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GCN in a gloved hand

Great Crested Newt (GCN) Surveys

Great crested newt surveys are an essential part of development projects that may affect their habitats. These surveys help to ensure that the newts are protected and their habitats are conserved.

Three great crested newts in someones cupped hands


Why are great crested newts surveyed?

Great crested newts (GCN) are listed as a European Protected Species under Annex IV of the European Habitats Directive. They are protected under the wildlife and countryside act (1981) and are a priority species under the UK post-2010 Biodiversity Framework.


When do I need to have a great crested newt survey?

A GCN survey should be undertaken when any proposed development with suitable habitat within 500m of a pond is planned.

A GCN survey should be undertaken by a licensed surveyor, enabling them to legally disturb newts for the purpose of assessing potential development impacts. Surveys can be carried out between March and June as this is when GCN’s breed in ponds.

GCN surveys entail between four and six site visits to each waterbody ecologically connected to the proposed development site. Each visit uses three methods to search for GCN.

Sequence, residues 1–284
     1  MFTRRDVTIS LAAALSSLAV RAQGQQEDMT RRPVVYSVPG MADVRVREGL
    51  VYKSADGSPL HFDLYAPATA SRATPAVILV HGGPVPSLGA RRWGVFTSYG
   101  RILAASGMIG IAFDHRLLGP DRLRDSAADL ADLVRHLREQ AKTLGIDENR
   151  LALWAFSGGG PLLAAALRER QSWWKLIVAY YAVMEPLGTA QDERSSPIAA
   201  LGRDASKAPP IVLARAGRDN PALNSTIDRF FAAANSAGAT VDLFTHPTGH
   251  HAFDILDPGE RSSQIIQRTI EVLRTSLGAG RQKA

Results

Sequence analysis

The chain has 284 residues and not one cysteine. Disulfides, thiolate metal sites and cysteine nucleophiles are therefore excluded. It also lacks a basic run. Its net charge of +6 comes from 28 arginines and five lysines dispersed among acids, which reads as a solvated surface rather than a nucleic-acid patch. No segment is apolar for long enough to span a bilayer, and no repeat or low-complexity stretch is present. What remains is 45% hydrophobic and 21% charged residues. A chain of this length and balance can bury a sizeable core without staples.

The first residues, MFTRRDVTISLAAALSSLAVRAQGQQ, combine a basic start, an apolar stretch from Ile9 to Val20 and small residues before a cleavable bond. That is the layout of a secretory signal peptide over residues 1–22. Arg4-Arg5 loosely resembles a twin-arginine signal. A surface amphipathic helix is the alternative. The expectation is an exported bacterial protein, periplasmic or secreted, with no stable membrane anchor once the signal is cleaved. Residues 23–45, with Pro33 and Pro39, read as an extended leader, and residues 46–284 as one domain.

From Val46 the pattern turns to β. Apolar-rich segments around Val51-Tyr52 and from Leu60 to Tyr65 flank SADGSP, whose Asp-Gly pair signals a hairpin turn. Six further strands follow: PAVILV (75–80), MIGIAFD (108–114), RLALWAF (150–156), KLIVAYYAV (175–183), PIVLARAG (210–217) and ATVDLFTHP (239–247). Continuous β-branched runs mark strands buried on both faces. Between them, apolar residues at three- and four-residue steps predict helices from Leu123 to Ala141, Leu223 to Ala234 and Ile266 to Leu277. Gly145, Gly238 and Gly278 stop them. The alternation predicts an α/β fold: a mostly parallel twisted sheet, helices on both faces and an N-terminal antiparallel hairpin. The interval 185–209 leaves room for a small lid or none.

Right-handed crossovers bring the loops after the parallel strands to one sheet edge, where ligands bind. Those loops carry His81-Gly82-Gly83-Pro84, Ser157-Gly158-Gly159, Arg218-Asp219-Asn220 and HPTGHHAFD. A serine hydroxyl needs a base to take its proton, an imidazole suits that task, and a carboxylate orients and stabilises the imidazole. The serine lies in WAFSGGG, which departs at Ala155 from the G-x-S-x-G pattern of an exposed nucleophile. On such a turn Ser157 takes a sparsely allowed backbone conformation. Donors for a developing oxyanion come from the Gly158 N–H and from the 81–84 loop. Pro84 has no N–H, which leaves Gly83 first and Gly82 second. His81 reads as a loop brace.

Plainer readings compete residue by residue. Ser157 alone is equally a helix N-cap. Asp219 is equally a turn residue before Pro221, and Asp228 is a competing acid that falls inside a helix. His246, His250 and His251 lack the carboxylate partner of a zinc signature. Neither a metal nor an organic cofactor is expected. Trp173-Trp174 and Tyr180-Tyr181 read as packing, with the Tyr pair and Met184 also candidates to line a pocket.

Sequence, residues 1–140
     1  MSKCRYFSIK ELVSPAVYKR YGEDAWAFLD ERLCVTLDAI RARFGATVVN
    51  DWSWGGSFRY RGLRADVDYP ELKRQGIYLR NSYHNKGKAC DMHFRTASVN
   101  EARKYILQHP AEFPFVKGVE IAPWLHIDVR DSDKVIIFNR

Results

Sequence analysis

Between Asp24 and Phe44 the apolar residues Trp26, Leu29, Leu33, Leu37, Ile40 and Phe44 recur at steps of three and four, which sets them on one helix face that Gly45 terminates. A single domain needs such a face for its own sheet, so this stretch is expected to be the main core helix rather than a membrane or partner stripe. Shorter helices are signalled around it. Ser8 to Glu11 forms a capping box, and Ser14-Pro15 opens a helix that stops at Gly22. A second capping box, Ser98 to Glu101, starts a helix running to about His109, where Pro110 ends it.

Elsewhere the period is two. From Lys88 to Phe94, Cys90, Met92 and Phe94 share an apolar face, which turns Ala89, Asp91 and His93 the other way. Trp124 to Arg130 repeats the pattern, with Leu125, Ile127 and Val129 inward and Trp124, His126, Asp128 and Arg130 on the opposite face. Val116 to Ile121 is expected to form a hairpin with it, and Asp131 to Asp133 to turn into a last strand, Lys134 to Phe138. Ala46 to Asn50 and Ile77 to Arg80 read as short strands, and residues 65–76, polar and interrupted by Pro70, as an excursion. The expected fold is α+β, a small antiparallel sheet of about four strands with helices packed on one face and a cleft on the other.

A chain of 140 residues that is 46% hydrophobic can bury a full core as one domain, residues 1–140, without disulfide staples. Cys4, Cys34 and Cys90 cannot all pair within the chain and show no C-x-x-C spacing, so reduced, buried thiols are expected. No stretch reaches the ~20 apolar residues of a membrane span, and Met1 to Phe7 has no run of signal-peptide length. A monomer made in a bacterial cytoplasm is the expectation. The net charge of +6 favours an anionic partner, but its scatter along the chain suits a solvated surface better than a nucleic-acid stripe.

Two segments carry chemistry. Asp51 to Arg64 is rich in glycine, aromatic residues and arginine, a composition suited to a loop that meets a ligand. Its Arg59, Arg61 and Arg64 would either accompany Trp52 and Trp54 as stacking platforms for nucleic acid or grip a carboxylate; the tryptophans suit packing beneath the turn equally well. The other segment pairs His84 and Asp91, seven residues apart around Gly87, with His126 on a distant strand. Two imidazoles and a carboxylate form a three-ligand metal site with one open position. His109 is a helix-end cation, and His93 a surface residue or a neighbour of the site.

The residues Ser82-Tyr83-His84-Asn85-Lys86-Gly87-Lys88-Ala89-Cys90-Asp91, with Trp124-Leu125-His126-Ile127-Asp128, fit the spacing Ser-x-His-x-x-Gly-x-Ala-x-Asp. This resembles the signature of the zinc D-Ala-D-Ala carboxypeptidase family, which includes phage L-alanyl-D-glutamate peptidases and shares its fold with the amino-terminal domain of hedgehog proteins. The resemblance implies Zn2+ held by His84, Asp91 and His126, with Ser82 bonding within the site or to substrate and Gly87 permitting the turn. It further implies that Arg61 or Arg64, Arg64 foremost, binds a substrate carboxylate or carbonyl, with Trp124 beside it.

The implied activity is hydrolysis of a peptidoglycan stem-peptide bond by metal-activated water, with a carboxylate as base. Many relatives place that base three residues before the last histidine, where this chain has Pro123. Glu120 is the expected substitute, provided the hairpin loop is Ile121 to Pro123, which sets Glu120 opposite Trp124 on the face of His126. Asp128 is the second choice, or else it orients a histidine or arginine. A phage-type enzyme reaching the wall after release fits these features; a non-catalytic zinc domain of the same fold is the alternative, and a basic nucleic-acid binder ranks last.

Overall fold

Egg Search

Manually inspecting submerged vegetation for GCN eggs during daylight.

A pair of GCN eggs attached to an aquatic plant


 Nocturnal searches for adult GCN using a high-powered torch.

A high powered torch beam shone into a pond


The use of overnight funnel traps to catch and count adult GCN.

A funnel trap set up in a pond

Alternatively an eDNA survey may be offered

You may be offered the option of an eDNA survey instead of full GCN surveys as part of your development.


eDNA surveys are recommended for a variety of reasons such as if a pond on/near the development site could support GCN but there have been no/few local records, or if a pond may be suitable but is not ideal.

They involve testing water samples from ponds for the presence of GCN DNA and are more effective during GCN breeding season (mid March - mid June). If the results are negative then no further surveys are necessary, however if any of the ponds sampled return a positive result for GCN DNA then full GCN surveys are required.

A great crested newt looking into the camera


What does Abrehart Ecology offer?

At Abrehart Ecology we offer professional, skilled, and efficient great crested newt survey work for both full GCN surveys and eDNA surveys. We undertake in-house fieldwork and expert report writing, with our licenced employees.


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